Feature

Revealing Jamestown Settlers' Sketches of The New World
06.11.09
 
Slate tablet covered with sketches, words and numbers recovered from Jamestown settlement well
Click image to enlarge

Jamestown archaeologists found a slate tablet covered with faint sketches, words and numbers thrown in what appears to be an original Jamestown well. These are two images of the same side of the tablet. Archaeologists 'chalked' the tablet to highlight the faint scratches. Credit: APVA

Technician John Grainger uses NASA's 3D xray system to examine the Jamestown slate
Click image to enlarge

Portions of the tablet are covered with rust. NASA researchers -- including technician John Grainger, pictured -- are using a 3D X-ray system to see what's underneath it. Credit: NASA/Sean Smith

› APVA Site
› APVA Release (more images)

NASA researchers who normally study futuristic materials are using their high tech scanners to reveal the past.

Technicians at NASA's Langley Research Center in Hampton, Va., just finished inspecting a 400-year-old slate tablet recently recovered from an early 17th century well at Historic Jamestowne, the 1607 site of the first permanent English settlement in North America.

NASA Langley has scanned dozens of artifacts for Preservation Virginia, since its Jamestowne Rediscovery archaeologists began the excavation of James Fort 15 years ago. But this is the first time researchers used a new, more sophisticated "micro-focus computed tomography x-ray system" that Langley installed last summer in its Nondestructive Evaluation Sciences laboratory.

"It's a three-dimensional imaging system that allows us to see inside materials without having to take them apart," said Ray Parker, nondestructive evaluation sciences engineer. "It's like a hospital CT scanner, only higher precision. We normally use it to inspect materials for aerospace use, like pieces of the shuttle or composites for hypersonic vehicles."

The eight-foot long, four-foot wide, six-foot high machine, called the X-Tek HMX-ST 225, uses X-rays and computer processing to create a 3-D "picture" of whatever it scans. In this case archaeologists are trying to determine what's written on the slate tablet they found.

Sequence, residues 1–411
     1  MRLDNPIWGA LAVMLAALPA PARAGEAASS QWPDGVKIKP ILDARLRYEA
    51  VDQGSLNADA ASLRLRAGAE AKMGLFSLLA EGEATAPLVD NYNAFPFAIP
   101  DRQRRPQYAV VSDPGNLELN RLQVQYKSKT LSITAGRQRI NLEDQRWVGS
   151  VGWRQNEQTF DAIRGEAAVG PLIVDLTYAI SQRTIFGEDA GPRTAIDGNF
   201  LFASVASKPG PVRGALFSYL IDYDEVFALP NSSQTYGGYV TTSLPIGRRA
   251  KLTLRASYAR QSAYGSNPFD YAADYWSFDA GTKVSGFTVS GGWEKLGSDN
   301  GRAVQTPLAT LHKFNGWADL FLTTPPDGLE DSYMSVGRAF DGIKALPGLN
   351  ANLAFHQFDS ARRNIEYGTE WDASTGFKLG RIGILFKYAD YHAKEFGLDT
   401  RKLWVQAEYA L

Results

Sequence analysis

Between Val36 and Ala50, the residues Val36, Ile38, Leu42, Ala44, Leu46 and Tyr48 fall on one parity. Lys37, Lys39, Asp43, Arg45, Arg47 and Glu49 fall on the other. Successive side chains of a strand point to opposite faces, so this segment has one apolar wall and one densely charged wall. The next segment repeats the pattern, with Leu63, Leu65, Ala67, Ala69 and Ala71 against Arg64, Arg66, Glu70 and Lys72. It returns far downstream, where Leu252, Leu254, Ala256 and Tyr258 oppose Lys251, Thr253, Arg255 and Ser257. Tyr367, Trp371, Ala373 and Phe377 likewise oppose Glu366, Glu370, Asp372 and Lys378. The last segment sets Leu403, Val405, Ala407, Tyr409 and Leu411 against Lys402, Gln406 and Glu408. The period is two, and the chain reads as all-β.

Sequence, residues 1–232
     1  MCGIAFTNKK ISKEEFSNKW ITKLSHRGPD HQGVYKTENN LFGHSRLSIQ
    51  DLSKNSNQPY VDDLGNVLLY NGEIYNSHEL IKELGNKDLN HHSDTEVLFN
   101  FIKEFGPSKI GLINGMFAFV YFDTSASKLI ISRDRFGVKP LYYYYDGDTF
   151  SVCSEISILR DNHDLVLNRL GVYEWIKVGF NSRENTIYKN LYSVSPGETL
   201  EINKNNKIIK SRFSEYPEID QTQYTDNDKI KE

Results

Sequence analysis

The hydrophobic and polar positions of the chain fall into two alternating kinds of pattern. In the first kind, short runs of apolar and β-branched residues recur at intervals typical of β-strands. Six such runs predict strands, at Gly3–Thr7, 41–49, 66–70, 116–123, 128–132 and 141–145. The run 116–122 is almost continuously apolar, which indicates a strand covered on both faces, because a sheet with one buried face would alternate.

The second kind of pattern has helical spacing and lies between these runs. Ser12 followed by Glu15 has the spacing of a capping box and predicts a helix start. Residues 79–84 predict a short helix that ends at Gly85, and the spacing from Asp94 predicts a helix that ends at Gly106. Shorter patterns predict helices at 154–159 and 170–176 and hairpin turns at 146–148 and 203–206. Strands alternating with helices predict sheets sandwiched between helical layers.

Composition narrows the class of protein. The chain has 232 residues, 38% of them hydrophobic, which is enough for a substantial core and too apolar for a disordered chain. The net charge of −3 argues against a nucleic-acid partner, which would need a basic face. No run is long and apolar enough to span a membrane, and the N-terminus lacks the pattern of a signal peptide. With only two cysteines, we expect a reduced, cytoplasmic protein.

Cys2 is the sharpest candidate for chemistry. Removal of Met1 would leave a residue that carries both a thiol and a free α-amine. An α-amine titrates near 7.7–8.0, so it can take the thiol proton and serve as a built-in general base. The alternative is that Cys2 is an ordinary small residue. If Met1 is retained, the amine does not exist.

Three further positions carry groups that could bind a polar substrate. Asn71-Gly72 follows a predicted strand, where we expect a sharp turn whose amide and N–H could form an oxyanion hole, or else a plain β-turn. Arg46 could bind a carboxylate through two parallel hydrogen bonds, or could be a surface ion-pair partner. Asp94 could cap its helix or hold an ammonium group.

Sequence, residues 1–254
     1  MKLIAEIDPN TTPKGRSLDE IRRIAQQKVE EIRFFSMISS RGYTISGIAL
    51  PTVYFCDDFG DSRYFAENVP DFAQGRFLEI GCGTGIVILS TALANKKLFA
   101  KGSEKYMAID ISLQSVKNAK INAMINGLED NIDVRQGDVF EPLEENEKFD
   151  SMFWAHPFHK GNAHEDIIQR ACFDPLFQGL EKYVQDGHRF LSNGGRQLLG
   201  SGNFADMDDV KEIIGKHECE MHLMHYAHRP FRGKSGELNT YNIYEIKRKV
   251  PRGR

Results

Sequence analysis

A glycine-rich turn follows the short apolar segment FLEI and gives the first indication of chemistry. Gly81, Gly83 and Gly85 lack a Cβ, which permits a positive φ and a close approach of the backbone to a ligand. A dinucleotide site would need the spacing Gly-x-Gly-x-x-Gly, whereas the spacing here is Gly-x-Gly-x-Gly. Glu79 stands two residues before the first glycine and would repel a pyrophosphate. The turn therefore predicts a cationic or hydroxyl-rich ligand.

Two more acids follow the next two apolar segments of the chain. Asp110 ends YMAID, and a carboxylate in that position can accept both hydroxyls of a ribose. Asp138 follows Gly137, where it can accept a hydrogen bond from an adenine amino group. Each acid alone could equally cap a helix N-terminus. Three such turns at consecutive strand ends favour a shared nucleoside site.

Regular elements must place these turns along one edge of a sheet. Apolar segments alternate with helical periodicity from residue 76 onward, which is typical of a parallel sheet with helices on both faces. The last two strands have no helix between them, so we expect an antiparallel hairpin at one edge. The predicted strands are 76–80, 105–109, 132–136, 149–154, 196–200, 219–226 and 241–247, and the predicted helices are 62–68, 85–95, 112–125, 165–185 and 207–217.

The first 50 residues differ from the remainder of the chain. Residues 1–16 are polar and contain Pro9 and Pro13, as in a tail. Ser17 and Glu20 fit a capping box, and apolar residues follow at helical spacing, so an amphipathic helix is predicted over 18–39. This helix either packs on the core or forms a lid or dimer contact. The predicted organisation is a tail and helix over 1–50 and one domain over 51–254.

"There's a deposit of rust on the tablet and it's covering up lettering and drawings," said Parker. "We're looking at the results of our scans to see if we read what's there."

This is the second time that Parker and technician John Grainger have worked with the Jamestown Rediscovery archaeologists. Last time they inspected a 16th century Scottish pistol found in one of the fort's wells.

"I think it's fantastic they're finding all this stuff and we get to inspect some of it," Parker said. "I've always had an interest in history. When I grew up we used to visit the Historic Triangle -- Jamestown, Williamsburg and Yorktown, Va. -- frequently."

NASA Langley started working with Preservation Virginia more than seven years ago helping to identify artifacts. That role expanded when NASA teamed with Jamestown 2007 to promote the spirit of exploration then, now and in the future. During the 18-month long celebration to honor the 400th anniversary of Jamestown, NASA even flew a small lead cargo tag, bearing the words "Yames Towne," and some commemorative mementoes on board the space shuttle Atlantis to commemorate the nation's pioneering spirit.
 
 
Kathy Barnstorff
NASA Langley Research Center